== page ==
Oksana Buhel, CAE
Mindfulness in Association Excellence
As 2019 begins, I am consciously arranging priorities and plans to complete them successfully and with the least amount of complexity. One might say that I am mindfully arranging these priorities.
Although “mindfulness” may seem like a buzzword with a nebulous definition, there seems little doubt that those practicing it appear to derive substantial benefits from it. As I lurched through developing my own understanding of mindfulness, I gratefully discovered that “mindfulness” is quite less complex than I thought.
Mindfulness, I believe, can be defined as thinking about your thinking. It is deciding where to focus your attention, and developing conscious awareness with a detached, non-judgemental perspective. There is a plethora of resources available online instructing how to develop mindfulness, so I’ll skip that! The benefits of acting mindfully translate easily into the association and business world. Research has shown that the benefits of mindfulness include: stress reduction; improved concentration; boosts to working memory; reduced musing; less emotional reactivity; more cognitive flexibility – the list goes on and on.
As association and business leaders, we are considered skilled at foreseeing and surmounting obstacles. Leaders face unique kinds of challenges, and managing them with a mindful perspective gives you an edge. Our role as leaders is to facilitate the advancement of the team. Mindfulness can contribute to this is by helping you to:
- Remain focused when team members talk to you.
This means pulling your thoughts back from wherever they are scampering to and really hearing what the person is saying. What situations are developing which you need to be aware of? Which policies should be drafted? Judgemental thoughts which may creep in while you’re listening need to be acknowledged, and then released.
- Make thoughtful decisions.
Every decision involves a certain level of judgment and emotion. As leaders, we make countless decisions every day―are you making them with your head or your heart? A mindful leader uses both. When you pause and bring awareness to your biases, judgments and emotions, you make better decisions. Do a quick mental and emotional check, make the decision and move on.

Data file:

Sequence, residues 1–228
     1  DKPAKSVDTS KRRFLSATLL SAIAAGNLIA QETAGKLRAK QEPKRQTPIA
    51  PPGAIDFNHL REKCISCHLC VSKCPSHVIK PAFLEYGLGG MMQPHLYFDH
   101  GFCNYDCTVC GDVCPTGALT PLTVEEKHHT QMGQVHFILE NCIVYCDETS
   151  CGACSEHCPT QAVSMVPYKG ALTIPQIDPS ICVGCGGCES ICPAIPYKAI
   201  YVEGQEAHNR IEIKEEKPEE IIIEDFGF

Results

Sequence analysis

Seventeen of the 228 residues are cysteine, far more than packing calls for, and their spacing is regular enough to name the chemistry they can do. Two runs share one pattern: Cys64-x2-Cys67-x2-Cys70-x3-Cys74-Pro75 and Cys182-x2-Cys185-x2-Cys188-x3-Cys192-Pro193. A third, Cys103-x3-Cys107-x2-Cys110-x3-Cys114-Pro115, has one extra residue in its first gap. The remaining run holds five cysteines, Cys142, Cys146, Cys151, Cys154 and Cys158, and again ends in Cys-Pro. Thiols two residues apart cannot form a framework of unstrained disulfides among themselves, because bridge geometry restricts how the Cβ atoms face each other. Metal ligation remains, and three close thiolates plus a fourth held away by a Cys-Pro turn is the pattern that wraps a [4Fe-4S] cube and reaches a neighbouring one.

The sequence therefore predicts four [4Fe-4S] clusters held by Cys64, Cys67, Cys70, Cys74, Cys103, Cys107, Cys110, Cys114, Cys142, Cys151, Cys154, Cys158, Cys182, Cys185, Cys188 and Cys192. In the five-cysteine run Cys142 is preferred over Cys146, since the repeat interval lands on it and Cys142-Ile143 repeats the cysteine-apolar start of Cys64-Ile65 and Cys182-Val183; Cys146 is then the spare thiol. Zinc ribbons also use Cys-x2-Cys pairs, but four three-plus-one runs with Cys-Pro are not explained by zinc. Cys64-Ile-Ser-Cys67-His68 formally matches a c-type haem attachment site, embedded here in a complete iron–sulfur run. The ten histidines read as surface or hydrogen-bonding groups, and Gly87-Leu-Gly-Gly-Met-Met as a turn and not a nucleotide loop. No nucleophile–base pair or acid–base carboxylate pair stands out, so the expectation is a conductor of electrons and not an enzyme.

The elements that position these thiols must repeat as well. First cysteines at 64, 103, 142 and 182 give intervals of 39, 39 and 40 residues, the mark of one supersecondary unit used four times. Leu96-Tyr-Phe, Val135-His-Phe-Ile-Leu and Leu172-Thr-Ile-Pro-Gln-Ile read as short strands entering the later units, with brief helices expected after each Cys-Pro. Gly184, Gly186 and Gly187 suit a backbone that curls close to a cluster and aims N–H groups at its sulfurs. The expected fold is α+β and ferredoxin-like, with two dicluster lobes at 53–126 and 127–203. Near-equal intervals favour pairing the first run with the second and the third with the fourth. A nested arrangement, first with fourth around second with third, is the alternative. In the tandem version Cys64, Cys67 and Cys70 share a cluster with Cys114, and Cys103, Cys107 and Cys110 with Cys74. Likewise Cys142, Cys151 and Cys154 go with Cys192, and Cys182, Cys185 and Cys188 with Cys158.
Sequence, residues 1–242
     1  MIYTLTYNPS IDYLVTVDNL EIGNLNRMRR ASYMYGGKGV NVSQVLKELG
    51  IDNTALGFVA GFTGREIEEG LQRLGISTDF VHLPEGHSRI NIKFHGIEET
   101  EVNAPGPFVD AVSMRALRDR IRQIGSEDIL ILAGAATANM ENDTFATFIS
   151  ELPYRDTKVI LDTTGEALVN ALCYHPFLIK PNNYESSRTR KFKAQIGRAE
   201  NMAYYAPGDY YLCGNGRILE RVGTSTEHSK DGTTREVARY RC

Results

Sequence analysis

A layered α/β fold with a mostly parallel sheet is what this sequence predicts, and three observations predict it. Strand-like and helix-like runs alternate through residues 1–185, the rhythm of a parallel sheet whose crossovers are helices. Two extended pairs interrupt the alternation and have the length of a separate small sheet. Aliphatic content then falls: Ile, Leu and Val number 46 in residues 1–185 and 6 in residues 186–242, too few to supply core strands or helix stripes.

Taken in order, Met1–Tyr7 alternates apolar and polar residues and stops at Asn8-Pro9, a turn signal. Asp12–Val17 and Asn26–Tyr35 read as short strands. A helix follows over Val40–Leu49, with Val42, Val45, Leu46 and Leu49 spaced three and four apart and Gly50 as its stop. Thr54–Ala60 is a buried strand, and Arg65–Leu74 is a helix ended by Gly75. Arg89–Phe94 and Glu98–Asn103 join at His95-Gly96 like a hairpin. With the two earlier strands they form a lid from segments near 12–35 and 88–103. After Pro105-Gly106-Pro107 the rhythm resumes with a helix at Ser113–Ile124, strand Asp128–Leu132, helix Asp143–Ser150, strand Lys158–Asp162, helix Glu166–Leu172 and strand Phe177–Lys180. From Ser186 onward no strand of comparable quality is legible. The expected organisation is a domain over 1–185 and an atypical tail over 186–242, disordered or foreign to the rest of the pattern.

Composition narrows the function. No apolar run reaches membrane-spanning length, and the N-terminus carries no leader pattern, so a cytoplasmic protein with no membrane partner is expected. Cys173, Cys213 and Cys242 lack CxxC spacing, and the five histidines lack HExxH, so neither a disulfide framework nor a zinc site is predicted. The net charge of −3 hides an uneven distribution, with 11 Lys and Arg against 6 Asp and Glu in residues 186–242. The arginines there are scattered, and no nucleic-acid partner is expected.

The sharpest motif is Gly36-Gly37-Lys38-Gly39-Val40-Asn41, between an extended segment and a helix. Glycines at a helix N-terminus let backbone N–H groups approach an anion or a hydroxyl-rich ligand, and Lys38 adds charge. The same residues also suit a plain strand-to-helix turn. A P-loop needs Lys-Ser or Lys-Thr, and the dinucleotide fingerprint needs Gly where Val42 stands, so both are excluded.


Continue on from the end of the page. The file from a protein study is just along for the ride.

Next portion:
- Empower team members.
When a team member comes to you with an issue or challenge, ask questions and allow them to reach their own conclusions. Compliment or reward great decisions. Use poor decisions as an improvement opportunity. Team member performance improves when team members feel empowered and trusted.
- Develop and maintain regular meditation practice.
Meditation is a practice often associated with mindfulness. Our lives are busy, but meditation is worth prioritizing. Leaders can be more susceptible to stress because of the demands of authority, the loneliness of being at the top, and knowing our daily decisions can significantly affect team members. Outside of work, we have obligations to our families, communities, and ourselves. Meditating for 5-20 minutes each day can make a difference. Martin Luther King once said that if he didn’t pray for three hours every day, he didn’t know how he’d be able to do everything he did.
The more aware we become of our thinking – where our thoughts are going, what thoughts are coming in, what influence we are allowing these thoughts to have – the more we are able to develop the capacity to accept these thoughts and, if we choose to, adjust our thinking. Then, with solid leadership skills and high-quality management practices, we can help lead our associations toward association excellence.
Oksana Buhel, CAE
Chair – CSAE Trillium